Creating Your Own Server: The Socket API, Part 2

Socket programming isn't really that tough

Earlier, we created a simple server and client program using the socket API. This time, we’ll first start with a program, and then explain what’s going on. So start up your systems, and get ready to go deeper into socket programming.

As mentioned, let’s dive straight into the code.

The IPv6 version of the server

Here’s the IPv6 version of the server we created in the previous article. There are no big changes, except the appearance of “6″ in the code. Let’s name it serverin6.c:

#include <stdio.h>
#include <unistd.h>
#include <sys/types.h>
#include <sys/socket.h>
#include <netinet/in.h>
int main()
{
	int sfd, cfd;
	char ch;
	socklen_t len;
	struct sockaddr_in6 saddr, caddr;
	sfd= socket(AF_INET6, SOCK_STREAM, 0);
	saddr.sin6_family=AF_INET6;
	saddr.sin6_addr=in6addr_any;
	saddr.sin6_port=htons(1205);
	bind(sfd, (struct sockaddr *)&saddr, sizeof(saddr));
	listen(sfd, 5);
	while(1) {
		printf("Waiting...n");
		len=sizeof(cfd);
		cfd=accept(sfd, (struct sockaddr *)&caddr, &len);
		if(read(cfd, &ch, 1)<0) perror("read");
		ch++;
		if(write(cfd, &ch, 1)<0) perror("write");
		close(cfd);
	}
}

Now let’s review the differences. The first is at Line 6 (sockaddr_in6) and is easily understood; for IPv6 addresses, we need to store the address, port and address family in this address structure, as we have done in lines 13, 14 and 15. At Line 14, in6addr_any is a wildcard for all IPv6 addresses, like INADDR_ANY in IPv4. There’s also a change in accept(), which can be easily understood. And here’s our server working with IPv6. You can set up your IPv6 using the following command as root:

ip -f inet6 addr add face:1f::ea54:a dev eth0

Here, -f specifies the family (inet6), and addr is for the address — we added face:1f::ea54:a (while writing IPv6 addresses, leading zeros can be dropped — the above address is actually face:001f::ea54:000a). You can give any address; and to randomise it, you can use your MAC address. The dev parameter specifies the device we are setting the address for — in this case, eth0. You can check the results using the ifconfig command.

Compile and run the server as follows:

cc serverin6.c -o serverin6
./serverin6

Before writing the client, you can see that it even works with our IPv4 client, as the IPv4 address is also pointing to the same machine. For every server, we can use telnet to test if it’s working as expected — for example:

telnet localhost 1205

Type in the character you want to send to the server and press Enter, and the server will reply with the next ASCII character, and close the connection. Remember, for IPv4, localhost is 127.0.0.1, and for IPv6, it is ::1.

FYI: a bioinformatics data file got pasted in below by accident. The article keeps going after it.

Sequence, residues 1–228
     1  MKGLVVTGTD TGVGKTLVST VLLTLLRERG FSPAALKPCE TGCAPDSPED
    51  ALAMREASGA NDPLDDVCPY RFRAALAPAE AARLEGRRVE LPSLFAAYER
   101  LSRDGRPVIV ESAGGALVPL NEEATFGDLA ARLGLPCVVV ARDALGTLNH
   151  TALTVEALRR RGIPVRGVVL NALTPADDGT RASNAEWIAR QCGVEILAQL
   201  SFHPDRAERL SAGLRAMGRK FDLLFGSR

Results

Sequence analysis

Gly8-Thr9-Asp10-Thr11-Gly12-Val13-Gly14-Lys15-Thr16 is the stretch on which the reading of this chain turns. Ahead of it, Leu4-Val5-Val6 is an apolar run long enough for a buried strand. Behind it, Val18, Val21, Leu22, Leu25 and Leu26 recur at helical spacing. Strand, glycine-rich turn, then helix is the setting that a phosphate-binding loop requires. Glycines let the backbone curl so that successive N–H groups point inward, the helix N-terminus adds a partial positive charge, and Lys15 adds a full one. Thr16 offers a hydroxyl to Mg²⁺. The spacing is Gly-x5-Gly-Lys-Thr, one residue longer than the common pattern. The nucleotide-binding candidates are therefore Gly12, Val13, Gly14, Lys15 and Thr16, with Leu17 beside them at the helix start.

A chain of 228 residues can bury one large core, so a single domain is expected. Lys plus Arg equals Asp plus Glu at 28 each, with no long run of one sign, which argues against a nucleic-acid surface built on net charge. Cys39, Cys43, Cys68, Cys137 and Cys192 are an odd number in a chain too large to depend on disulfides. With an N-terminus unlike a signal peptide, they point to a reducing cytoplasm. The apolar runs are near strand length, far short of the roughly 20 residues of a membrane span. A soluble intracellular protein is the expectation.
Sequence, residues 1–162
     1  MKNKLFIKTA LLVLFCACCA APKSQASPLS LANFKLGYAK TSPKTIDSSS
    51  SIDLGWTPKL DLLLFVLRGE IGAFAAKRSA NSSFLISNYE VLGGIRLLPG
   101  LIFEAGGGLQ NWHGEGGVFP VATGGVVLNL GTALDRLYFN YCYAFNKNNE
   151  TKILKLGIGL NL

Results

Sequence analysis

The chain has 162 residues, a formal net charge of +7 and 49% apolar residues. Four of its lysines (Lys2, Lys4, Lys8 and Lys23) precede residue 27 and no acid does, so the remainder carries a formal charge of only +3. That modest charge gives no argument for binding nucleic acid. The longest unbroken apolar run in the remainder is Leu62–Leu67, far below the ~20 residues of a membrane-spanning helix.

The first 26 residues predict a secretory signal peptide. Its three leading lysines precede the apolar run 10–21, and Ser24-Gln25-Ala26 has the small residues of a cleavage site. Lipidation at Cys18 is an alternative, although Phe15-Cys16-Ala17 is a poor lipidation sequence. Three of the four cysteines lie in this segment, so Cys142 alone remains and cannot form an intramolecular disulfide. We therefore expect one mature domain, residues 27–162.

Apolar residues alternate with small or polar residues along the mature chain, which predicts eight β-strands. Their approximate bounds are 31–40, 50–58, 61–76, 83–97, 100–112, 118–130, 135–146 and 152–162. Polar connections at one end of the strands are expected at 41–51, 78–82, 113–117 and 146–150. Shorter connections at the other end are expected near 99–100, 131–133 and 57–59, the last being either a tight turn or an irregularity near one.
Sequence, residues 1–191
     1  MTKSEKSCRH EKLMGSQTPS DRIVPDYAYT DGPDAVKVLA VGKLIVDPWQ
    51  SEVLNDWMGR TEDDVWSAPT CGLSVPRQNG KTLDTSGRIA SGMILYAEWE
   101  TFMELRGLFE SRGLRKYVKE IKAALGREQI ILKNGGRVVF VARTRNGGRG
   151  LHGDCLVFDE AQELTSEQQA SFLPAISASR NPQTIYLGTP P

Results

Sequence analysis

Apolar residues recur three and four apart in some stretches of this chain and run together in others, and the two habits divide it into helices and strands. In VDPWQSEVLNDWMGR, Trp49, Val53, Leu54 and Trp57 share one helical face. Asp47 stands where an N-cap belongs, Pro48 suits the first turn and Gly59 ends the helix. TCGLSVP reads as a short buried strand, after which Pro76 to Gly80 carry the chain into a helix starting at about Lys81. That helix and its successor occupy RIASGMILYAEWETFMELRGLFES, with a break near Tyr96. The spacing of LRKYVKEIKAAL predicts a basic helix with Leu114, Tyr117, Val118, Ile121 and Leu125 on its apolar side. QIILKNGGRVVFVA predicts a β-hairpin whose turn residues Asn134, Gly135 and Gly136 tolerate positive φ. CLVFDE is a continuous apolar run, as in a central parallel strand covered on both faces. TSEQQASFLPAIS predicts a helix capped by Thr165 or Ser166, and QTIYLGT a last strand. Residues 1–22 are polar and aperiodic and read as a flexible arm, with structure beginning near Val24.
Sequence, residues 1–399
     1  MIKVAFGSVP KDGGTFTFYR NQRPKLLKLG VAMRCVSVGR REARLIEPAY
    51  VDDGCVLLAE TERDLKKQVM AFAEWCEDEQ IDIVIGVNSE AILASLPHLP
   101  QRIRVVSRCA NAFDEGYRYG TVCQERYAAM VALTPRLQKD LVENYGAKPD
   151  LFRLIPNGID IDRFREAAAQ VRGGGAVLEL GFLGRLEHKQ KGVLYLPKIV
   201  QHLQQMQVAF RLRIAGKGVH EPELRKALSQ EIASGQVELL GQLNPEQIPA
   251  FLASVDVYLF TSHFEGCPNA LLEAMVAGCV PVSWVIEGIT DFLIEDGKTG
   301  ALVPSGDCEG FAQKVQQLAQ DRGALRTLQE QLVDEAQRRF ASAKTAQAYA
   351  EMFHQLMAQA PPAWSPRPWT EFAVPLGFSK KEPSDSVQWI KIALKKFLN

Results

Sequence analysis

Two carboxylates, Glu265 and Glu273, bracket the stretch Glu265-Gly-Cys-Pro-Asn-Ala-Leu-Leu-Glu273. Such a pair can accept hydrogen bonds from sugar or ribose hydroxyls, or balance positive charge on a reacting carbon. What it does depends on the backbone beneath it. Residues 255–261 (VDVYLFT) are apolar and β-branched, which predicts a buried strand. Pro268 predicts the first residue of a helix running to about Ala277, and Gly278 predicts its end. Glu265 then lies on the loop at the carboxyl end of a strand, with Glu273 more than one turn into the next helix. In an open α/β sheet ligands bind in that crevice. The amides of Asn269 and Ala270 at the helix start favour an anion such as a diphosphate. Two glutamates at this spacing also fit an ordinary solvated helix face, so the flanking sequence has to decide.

Client (IPv6 version)

Now let’s write the IPv6 version client, and name it clientin6.c:

#include <stdio.h>
#include <unistd.h>
#include <sys/types.h>
#include <sys/socket.h>
#include <netinet/in.h>
int main(int argc, char **argv)
{
	int cfd;
	struct sockaddr_in6 addr;
	char ch;
	if(argc!=3) {
		printf("Usage: %s in6addr charactern", argv[0]);
		return -1;
	}
	if( ! inet_pton(AF_INET6, argv[1], &(addr.sin6_addr))) { /* returns 0 on error */
		printf("Invalid Addressn");
		return -1;
	}
	ch=argv[2][0];		/* Set the character to second argument */
	cfd=socket(AF_INET6, SOCK_STREAM, 0);
	addr.sin6_family=AF_INET6;
	addr.sin6_port=htons(1205);
	if(connect(cfd, (struct sockaddr *)&addr,
	sizeof(addr))<0) {
		perror("connect error");
                return -1;
	}
	if(write(cfd, &ch, 1)<0) perror("write");
	if(read(cfd, &ch, 1)<0) perror("read");
	printf("Server sent: %cn", ch);
	close(cfd);
	return 0;
}

Here, again, the changes are small and self-explanatory — just an added “6″. The client takes the IP address and characters as arguments, so to run it, just type the following:

cc clientin6.c -o clientin6
./clientin6  ::1  d

When d is sent, the server replies with e. The output will be the same as for the last examples, shown in the figures of the last article. To process the address, we have used the inet_pton() function, which we’ll look at in more detail in the next section.

Diving deeper

First, let’s look at the function we used in our client to convert the address from string to numeric. In binary, the IP address 192.168.1.23 will be 11000000 10101000 00000001 00010111 (a 32-bit string of 0′s and 1′s). It will be a 128-bit string for IPv6 (64-bit address). The human-readable addresses 192.168.1.23 or face:1f::ea54:a are the ‘presentation’ form (the p of the function), and n is for the numeric (binary) form. The function is prototyped in <arpa/inet.h> as:

int inet_pton (int family, const char *strptr, void *addrptr);